Background: Previous research has examined individual-level and place characteristics as correlates of subjective wellbeing, with many studies concluding that individual factors (e.g. health, finances) are more strongly related to wellbeing. However, this ‘dualistic’ approach has been challenged, with some arguing that it is impossible to disentangle the effects of the two domains, and that wellbeing should be considered as part of a network of mutually reinforcing relationships between individual, community and place characteristics. We used network analysis to explore these complex associations. Methods: Data were from a large sample of adults from a socioeconomically disadvantaged region of the United Kingdom (N = 4319). Wellbeing was assessed using the 7-item version of the Warwick–Edinburgh Mental Wellbeing Scale (SWEMWBS). Mixed graphical networks were estimated including wellbeing, place and individual-characteristic variables as nodes. Results: We found a densely connected network in which wellbeing was associated, both directly and indirectly, with all of the individual, community and place characteristics assessed. Wellbeing was most strongly connected with individual characteristics, in particular financial difficulty and subjective physical health. However, controlling for all other variables in the network model, wellbeing was positively associated with local greenspace usage, civic agency, and neighbourhood cohesion, and negatively associated with housing disrepair. Greater specificity in these associations was observed when the wellbeing construct was broken down into its constituent parts. Conclusions: These findings highlight the complex relationships that exist between individual, community and place characteristics in the context of subjective wellbeing, and that all domains need to be considered when developing population-level strategies to improve wellbeing. Further consideration needs to be given to how this might happen in practice, for example through a combination of consistent use of community engagement methodologies alongside Health in All Policy (HiAP) approaches.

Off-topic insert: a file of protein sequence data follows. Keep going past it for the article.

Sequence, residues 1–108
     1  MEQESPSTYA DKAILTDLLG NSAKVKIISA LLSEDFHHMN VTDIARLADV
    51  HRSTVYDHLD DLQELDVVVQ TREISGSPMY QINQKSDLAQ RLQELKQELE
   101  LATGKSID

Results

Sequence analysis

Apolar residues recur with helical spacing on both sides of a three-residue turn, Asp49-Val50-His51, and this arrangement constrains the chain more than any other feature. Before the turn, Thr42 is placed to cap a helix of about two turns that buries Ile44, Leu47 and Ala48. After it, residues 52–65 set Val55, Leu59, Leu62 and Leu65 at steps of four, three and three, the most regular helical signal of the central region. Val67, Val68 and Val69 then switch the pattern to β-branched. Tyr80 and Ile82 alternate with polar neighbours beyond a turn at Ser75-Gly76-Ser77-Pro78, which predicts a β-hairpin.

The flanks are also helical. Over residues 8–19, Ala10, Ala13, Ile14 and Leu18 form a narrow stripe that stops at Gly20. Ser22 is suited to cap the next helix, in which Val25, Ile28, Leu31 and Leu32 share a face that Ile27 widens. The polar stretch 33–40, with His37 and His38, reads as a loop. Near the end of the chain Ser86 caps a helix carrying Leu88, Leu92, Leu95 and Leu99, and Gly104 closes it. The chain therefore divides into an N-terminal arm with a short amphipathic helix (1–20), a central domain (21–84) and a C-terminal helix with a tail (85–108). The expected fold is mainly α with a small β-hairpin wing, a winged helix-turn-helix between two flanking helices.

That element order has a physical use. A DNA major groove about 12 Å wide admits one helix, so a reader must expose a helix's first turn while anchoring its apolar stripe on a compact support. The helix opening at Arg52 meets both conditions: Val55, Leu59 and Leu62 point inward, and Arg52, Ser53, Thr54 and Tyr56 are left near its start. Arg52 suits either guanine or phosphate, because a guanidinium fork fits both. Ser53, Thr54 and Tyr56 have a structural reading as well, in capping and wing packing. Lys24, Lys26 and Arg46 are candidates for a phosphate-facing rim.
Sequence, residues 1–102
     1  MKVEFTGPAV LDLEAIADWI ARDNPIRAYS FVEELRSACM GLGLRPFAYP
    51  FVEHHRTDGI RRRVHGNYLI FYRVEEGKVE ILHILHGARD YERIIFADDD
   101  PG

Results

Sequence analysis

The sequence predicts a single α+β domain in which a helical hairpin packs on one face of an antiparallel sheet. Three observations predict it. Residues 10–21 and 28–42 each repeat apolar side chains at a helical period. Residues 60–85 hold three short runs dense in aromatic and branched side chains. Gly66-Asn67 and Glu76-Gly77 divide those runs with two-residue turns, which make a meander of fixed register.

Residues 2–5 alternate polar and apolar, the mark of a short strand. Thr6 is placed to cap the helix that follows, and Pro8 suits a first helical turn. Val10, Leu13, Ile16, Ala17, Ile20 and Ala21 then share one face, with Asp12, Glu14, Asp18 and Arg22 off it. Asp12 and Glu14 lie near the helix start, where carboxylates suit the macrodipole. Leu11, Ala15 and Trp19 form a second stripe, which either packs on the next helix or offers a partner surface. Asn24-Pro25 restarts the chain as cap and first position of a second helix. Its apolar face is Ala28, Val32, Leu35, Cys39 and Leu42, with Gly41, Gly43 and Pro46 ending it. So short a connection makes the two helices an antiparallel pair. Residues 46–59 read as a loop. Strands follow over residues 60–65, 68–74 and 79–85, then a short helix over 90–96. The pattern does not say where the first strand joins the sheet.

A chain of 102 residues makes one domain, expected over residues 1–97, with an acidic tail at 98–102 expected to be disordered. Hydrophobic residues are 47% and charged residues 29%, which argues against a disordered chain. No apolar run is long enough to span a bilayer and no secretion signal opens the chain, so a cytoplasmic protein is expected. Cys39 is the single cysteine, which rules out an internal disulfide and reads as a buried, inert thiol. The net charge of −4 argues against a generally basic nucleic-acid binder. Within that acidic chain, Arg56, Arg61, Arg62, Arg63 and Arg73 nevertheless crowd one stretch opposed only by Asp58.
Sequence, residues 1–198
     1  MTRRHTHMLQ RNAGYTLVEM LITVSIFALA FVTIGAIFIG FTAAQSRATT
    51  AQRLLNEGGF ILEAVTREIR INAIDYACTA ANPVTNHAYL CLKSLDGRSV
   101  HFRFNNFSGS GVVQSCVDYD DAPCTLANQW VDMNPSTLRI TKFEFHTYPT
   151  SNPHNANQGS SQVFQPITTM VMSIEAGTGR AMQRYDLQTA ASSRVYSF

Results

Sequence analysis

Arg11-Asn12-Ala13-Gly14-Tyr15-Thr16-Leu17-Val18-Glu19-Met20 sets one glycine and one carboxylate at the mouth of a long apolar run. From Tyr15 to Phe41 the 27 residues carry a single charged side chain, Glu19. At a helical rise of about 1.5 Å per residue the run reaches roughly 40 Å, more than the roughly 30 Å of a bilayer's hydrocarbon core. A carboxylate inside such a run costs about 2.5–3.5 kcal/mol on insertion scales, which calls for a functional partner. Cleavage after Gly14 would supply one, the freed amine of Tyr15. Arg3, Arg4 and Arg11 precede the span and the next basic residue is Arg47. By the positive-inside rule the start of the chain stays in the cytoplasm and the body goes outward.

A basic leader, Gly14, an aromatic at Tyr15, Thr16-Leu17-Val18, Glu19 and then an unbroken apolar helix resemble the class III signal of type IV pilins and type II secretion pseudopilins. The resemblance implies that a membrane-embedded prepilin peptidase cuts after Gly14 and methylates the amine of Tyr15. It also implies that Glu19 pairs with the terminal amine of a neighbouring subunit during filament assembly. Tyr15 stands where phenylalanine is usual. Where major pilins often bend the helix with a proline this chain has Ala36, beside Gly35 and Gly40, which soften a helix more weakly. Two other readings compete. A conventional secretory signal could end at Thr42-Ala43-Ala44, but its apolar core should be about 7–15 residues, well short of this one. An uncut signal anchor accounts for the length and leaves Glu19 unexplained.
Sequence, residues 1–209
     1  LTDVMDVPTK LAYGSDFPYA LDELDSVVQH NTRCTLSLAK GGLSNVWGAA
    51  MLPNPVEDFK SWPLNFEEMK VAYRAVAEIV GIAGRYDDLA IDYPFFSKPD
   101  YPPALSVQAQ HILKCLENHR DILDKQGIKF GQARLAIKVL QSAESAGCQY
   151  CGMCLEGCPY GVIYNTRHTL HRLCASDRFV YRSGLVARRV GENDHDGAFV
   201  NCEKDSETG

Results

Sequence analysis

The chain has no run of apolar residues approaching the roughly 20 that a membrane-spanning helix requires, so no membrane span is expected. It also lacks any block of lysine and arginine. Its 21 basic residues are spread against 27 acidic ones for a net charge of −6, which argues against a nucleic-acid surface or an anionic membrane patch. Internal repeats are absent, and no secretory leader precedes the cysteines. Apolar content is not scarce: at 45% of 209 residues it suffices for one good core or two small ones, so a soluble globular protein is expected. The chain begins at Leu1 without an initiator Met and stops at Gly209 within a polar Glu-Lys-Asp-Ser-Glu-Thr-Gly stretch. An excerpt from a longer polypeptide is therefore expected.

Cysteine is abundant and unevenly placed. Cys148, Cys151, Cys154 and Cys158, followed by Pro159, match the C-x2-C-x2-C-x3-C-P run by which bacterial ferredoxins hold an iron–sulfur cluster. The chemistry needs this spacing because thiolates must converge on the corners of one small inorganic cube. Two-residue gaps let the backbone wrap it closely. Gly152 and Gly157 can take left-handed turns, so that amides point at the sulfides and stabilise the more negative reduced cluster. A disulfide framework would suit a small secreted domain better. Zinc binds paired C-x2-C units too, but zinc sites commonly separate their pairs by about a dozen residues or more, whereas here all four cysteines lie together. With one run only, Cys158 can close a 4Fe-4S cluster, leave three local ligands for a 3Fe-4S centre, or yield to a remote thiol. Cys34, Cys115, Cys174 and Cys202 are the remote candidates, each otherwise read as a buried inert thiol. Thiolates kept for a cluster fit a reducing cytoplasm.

Bibliographical noteFunding Information:
This research is supported by the National Institute for Health Research Applied Research Collaboration North West Coast (NIHR ARC NWC). The views expressed in this publication are those of the author(s) and not necessarily those of the National Institute for Health Research or the Department of Health and Social Care. The funder had no role in the design of the study and collection, analysis, and interpretation of data and in writing the manuscript. The authors thank the North West Coast communities for the time they gave to NIHR NWC CLAHRC HHS data collection and the wider team involved in the development and governance of the NIHR NWC CLAHRC HHS.
© 2021, The Author(s).
- Network analysis